Some gins, although not often, can be made with honey as a natural sweetener. Although honey is considered natural, it is still a product of an animal – the hard-working honeybee. As such, many vegans avoid any honey products at all, including some gins infused with the ingredient.
Common non-vegan ingredients
Other gins may not be suitable for vegans because of the filtration process or the use of animal ingredients. Common non-vegan ingredients in addition to honey include ants, gelatin (taken from animal parts), isinglass (derived from fish bladders), or carmine (aka crushed up bugs).
Which gins are not vegan?
The following gin brands would not be vegan-friendly for the reasons mentioned above. Keep an eye out for these brand names whenever you go out for drinks.
● Old Tom Gin (honey)
● Anty Gin (ants)
● Archie Rose Distiller’s Strength Gin (honey)
● Greenhook Beach Plum Gin (uses gelatin for the filtration process)
● Herno Juniper Cask Gin (no non-vegan ingredients, but the cap is sealed with beeswax)
● Tarquin’s British Blackberry Gin (honey)
● Nosferatu Blood Orange gin (carmine for coloring)
● Anther Anther x Taxi gin (honey)
● Whitley Neil (some of their gins contain isinglass)
There are no doubt more gins that have used animal parts at some point in the filtration or production process. If ever you’re in doubt about the vegan-friendliness of one brand of gin, it’s best to ask before drinking bottom’s-up!
How to check if gin is vegan
If you are at the store buying drinks for a party, then you can try to check the bottle for an indicator that the alcohol is suitable for vegans.
To do this, watch out for the Vegan Society Trademark label, which has the words “vegan” written and is decorated with a sunflower. Their trademark is listed on over 47,000 products worldwide, so it’s possible that the gin you’re interested in is listed.
Unfortunately, other than checking for wording or for an official label, it’s not possible to check the ingredients used to make alcohols and spirits. In fact, alcohol is one of the few exceptions of “food groups” that aren’t required by law to list the ingredients visibly for the consumer to see.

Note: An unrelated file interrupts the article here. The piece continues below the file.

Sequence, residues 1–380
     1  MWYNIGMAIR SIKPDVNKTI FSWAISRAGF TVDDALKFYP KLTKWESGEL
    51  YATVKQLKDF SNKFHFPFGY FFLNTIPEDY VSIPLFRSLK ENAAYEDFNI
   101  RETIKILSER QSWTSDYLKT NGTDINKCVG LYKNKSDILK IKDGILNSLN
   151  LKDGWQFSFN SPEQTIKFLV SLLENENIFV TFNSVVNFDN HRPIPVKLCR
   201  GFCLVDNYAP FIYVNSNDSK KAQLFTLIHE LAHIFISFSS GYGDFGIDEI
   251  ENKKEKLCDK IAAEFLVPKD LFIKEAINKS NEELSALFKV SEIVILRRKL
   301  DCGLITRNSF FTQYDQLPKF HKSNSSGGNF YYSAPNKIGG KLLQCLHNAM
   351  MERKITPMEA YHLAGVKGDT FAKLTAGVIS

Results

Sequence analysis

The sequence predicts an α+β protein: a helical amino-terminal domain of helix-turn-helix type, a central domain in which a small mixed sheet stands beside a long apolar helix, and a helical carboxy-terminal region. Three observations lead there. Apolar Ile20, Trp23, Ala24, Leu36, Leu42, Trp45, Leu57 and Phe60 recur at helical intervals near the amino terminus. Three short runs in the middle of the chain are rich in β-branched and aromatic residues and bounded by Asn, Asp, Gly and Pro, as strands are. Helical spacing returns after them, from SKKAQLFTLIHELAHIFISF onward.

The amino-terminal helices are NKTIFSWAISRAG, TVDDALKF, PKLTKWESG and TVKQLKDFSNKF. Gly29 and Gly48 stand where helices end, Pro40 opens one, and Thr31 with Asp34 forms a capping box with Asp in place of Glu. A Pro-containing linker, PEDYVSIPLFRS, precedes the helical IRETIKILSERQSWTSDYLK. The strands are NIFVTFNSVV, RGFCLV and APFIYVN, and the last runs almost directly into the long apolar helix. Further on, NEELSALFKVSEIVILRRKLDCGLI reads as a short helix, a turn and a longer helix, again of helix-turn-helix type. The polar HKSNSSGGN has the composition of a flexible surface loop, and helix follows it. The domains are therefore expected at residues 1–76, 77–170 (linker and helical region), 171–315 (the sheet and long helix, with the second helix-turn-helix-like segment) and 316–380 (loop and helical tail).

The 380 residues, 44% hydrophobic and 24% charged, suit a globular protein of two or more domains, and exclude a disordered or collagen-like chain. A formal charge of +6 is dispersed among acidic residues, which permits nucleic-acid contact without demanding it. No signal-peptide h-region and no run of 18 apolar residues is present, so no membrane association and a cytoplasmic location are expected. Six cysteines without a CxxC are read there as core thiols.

Is tonic water vegan?
Most tonic water is vegan, unless it’s the popular Schweppes Indian Tonic Water which contains traces of honey. Otherwise, tonic water is produced by combining carbonated water, flavorings (i.e. lemon), sweeteners, and quinine which is derived from the bark found on the South American cinchona tree.
Is Gordon’s gin vegan?
Yes, Gordon’s gin is vegan thanks to its natural blend of botanicals.
Is Bombay Sapphire vegan?
The Bombay Sapphire gin, originally owned by IDV but then sold to the Bacardi brand, is a vegan gin made with 40% alcohol, juniper berries, coriander seeds, lemon peel, angelica root/seed, licorice, and orris root.
Is pink gin vegan?
“Pink” gin gets its name from its color, which can sometimes be associated with the red carmine substance made from crushed bugs. However, rest assured, pink gin stays vegan-friendly because its reddish/pink color comes from infusing the gin with red berries.
Is Beefeater pink gin vegan?
Beefeater pink gin, despite it’s ironic name, is vegan.
Is Whitley Neill gin vegan?
According to Barnivore, mostly all Whitley Neill line of gins are vegan except for the Rhubarb & Ginger and the Lemongrass & Ginger because those contain isinglass.
Is Sipsmith gin vegan?
Rest assured that the Sipsmith London Dry Gin is vegan-friendly.
Is Tanqueray gin vegan?
The Tanqueray gin recipe is made up of only four botanical ingredients, all of which are suitable for vegans.
Is Schweppes tonic water vegan?
Tonic water is naturally vegan, but the Schweppes line Indian Tonic Water is not vegan-friendly because it uses a sweetener derived from honey.
Is Fever Tree tonic water vegan?
The Fever Tree line of tonic water remains vegan-friendly, and according to an email to Barnivore, its bottling and canning plants are designed to maintain this strict regulation.
Summary… Is gin and tonic suitable for vegans?
Luckily for the plant-eaters among us, most gin is suitable for vegans. The chances that you find a non-vegan gin is rare, especially seeing as the top brands that you’ll find in bars, markets, and liquor stores are also the most popular.
If ever you are unsure that a certain brand of gin is vegan or not, you can shoot a quick email to the manufacturer, ask the bartender or server (in case you’re out), or check Barnivore to see if the brand has already been listed as vegan-friendly.
Are you happy to know that gin is vegan? Let us know in the comments below!